– I have a good job, my bosses respect my knowledge, and allow me to communicate my ideas. I try to make this happen at every employer I’ve been at. If it doesnt occur, I change.

    – My commute is my excercise :) And its nice to have a defined reason to excercise each day. Im a tech geek, and i probably wouldnt leave the house to much without this drive.(damn you sony)

    – Lots of clients. I dont have to find the work, but i still give technical direction.

    – While clients and assignments are selected, not being picky leads me to a diverse adoption of skills (moreso than when i was contracting).

    – I have human contact all day every day. Work at home was too boring, monotonous, dreary and lonely.

    – I dictate my price as i would in a contract. (i get paid my contract rates in full time salary at the moment, but i was very lucky)

    – If I get laid off, I get benefits.

    – I have task of training juniors, so hopefully Im increasing the quality of the industry (unless i dont know what im doing heh).

    – I dont have to worry about tax, or super.

  • cob

    I am currently working towards that. Although I’m not in any rush, I haven’t found my niche yet.

  • Joseph

    Yea, mine still on the planning stage. I’m still afraid to make that step.

  • I’m thankful, starting to get ahold of OOP in PHP.

  • thorbergdt

    HERE HERE !!!

  • Randy

    Drunk before noon? LOL

  • jguad1

    It’s gotta be 5:00pm somewhere in the world(wide web)…

    Don’t be afraid of being your own boss: be PREPARED. Read up on how others did it, what they wished they had done differently, etc.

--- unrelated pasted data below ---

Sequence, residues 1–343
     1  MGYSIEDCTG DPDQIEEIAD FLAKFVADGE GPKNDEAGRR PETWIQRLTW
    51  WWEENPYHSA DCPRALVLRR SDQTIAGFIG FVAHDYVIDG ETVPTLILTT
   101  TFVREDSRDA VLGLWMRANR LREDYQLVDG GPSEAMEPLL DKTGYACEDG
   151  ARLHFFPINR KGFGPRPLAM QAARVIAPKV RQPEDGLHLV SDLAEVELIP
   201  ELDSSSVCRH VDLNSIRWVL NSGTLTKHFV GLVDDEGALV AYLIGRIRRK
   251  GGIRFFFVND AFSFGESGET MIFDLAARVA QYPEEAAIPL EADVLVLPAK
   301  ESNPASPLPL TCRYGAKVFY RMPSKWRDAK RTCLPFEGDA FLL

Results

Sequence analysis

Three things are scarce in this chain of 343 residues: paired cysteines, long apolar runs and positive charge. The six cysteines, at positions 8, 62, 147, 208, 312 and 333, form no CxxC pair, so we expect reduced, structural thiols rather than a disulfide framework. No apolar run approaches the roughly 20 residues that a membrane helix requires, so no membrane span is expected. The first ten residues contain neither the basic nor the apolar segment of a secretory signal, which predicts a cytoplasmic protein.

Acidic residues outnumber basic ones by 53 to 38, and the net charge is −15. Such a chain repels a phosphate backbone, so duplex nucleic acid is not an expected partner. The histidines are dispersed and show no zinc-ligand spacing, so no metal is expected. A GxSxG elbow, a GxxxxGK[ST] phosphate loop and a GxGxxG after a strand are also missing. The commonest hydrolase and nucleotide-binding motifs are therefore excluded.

And get a good accountant whom you can trust! Taxes are not pretty; but for accountants they seem to be…

  • You have listed the advantage, here are some disavantage :-)
    1. I don’t go out so often like before, my health is getting worse.
    2. Smoke more since I can smoke at any time, no meeting, no discussion.
    3. Have to accompany my girlfriend whenever she wants, because she knows I’m always free.

  • 2. Smoke more since I can smoke at any time –> get over it

    3. Have to accompany my girlfriend whenever she wants, because she knows I’m always free.
    –> yeah you got a point there :D

  • Somchai

    I totally relate. Computer Consulting gave me more money and freedom, etc… Though I don’t do it anymore (retired at 34), I’m a techno-evangelist for the younger kids that need a little push in the right direction.

  • guenter

    One thing to thank for especially: To know this “Down to business” blog which is inspiring me and my small business since summer 2003. Thanks Andrew!

  • jdat2020

    I’ve searched high and low for a relavent home business that would suit my talents but everything I find requires such a big investment. I have found that this is a hugh draw back and keeps people like me from ever getting started. I dream of working from home and being my own boss but it seems impossable for your average joe like me. Then I find this site and it refreshes my hopes. So I’m thankful for the good people here that share their advice and success stories. Thanks.

  • Tiffany

    RIGHT ON! The ONLY thing I miss is my guaranteed regular paycheck – but I’m only in my second year. Things are looking up and LIFE IS GOOD!

    Snellville, GA.

  • Eva U

    Agree with all the good things about self-employment,..this is the first 6 months for me and some hard lessons learned, but definitely more flexibility with my young son etc, and if you’re sick (as i’ve just put my back out at the moment) its great not to have the phone the unbelieving (usually !)boss and do the grovel thing…downside is no sick pay of course ! So focusing on the good things help you deal with the down side, e.g., uncertainties about winning clients etc, uncertainties about pay. The good sides are achievable with lots and lots of positivity, professionalism and hardwork..the usual !

  • articleworld

    I also love to be a self-employed. Working on my own timings, no boss and I am enjoying.
    Check out this introduction article on Self employment:
    4.Tax implications